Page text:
An Urban's Rural View

Can We Really Change China?

Urban C Lehner
By  Urban C Lehner , Editor Emeritus
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Farmers and ranchers got some good news recently in the reports on the U.S.-China trade negotiations in Beijing. (…) The two sides have yet to strike a deal but they made enough progress that they added a day to their schedule in hopes of making more. Emerging from three intensive days together, both sides sounded optimistic.

Before the trade war, China was the biggest export market for American agricultural products. If the negotiators can reach agreement by the March 1 deadline, it could be again. If, as seems likely, the agreement includes specific Chinese promises to buy American agricultural products, China could become an even bigger market for American soybeans and, as we learned at the DTN Ag Summit recently, possibly even for American meat.(…)

American producers of goods both manufactured and agricultural have to hope agreement can be reached, then, because China is not a market they want to be excluded from. A rich, mature economy like America's will not be able to absorb all the fruits of our producers' rising productivity -- Americans by and large are already well-fed -- and that will be even more true if we put the brakes on population growth by sharply limiting immigration. American producers increasingly need export markets.

In the long run, China remains one of the most promising. With 1.4 billion people and an average annual household income only a quarter to a fifth of America's (…), China has plenty of room to grow. It is likely to continue to increase its consumption of practically everything. It's not a market we want competitors from other countries to dominate.

The Chinese seem eager to end the trade war, in part because their domestic economy has been slowing. The trade war with the U.S. has cut into their exports, but that's not the only negative factor at work. Another big one is financial mismanagement, with debt building up and precious capital being misallocated to unproductive state-owned enterprises.

According to a leading China economist, Nick Lardy of the Peterson Institute for International Economics, whom some readers will remember as a DTN Summit keynote speaker a few years ago, the private sector now represents 70% of China's economy. Nevertheless, as Lardy points out in his latest book, state-owned enterprises get 83% of the loans in 2016. (…)

It wasn't always that way. In 2013, the private sector got 57%. Why the change? Blame Xi Jinping, China's president. Before he took power in 2012, China was liberalizing its economy. Xi has gradually reversed that. He has worked to concentrate more power, economic and political, in the state and Communist Party (and himself) while constricting individual freedom. Under Xi, the era of moving from totalitarian Communism to an autocracy and mixed economy has ended.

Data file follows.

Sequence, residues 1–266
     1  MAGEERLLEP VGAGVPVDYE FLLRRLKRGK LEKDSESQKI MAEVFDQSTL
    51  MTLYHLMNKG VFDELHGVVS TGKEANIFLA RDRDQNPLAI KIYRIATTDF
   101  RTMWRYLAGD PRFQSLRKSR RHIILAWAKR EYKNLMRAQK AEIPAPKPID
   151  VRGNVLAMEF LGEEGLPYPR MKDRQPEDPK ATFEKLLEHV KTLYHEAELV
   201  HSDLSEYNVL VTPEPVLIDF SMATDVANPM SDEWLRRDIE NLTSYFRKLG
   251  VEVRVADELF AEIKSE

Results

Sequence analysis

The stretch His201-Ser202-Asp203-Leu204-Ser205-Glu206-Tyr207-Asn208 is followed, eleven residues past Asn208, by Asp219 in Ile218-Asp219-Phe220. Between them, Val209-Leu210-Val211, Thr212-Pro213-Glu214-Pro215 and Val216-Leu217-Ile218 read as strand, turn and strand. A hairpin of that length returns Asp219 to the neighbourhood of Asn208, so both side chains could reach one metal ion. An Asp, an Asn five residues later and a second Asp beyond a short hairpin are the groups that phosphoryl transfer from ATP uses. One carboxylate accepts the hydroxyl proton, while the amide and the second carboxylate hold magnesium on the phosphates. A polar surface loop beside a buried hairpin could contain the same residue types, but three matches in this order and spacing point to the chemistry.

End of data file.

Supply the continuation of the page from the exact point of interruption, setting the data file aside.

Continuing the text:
This course change is bad news for American farmers and ranchers -- indeed, really, for anyone anywhere who has to deal with China. It guarantees that China's economy will grow slower and import less than it would have under a less state-controlled system. Just as importantly, it makes China harder for other countries to negotiate with.

The current talks between the U.S. and China exemplify this problem. For it's not just more Chinese purchases of American goods that U.S. negotiators are demanding. They are, quite rightly, asking China to stop playing the economic game by China's state-capitalism rules, under which it's natural for China to subsidize government-owned enterprises and extort technology from foreigners as the price of doing business. The U.S. trade team is demanding that China play by free-market rules. In essence, it's demanding China make fundamental changes in its economic-management system.

That would be a hard concession for any government to give foreigners. It's like asking them to kowtow. It would be especially hard for a Chinese government that believes its political control depends on exercising economic control.

That's why, despite the progress made in Beijing, there's reason to doubt that the U.S. negotiators can get their way, and thus reason to worry that agreement won't be reached. If it is reached, if the Chinese bow and make promises to change their rules, there will be skepticism about whether they will make good on the promises.

Ironically, what we're asking the Chinese government to do would be better for their economy than staying their current statist course. But they don't get it, or at least Xi Jinping, the most powerful Chinese ruler since Mao, doesn't get it.

The Trump administration deserves credit for pressing China to make these changes. It would have done so from a much stronger position, though, if the president hadn't pulled the U.S. out of the Trans-Pacific Partnership on his first day in office. The 12-nation TPP embodied American and world rules even more strongly than the World Trade Organization. We would be saying to China, "If you want to join and trade with these countries on TPP's preferential terms, you need to obey TPP rules."

Even with help from our friends, America's ability to change China would hardly be guaranteed. It would, though, be much strengthened. In our upcoming negotiations with China's neighbor Japan, the Japanese may well push us to re-embrace some of the TPP's language and rules, if not rejoin the pact. If they do, President Trump might want to swallow his pride and admit TPP was not the worst agreement ever negotiated after all. Dealing with China, he will need all the help he can get.

Urban Lehner can be reached at



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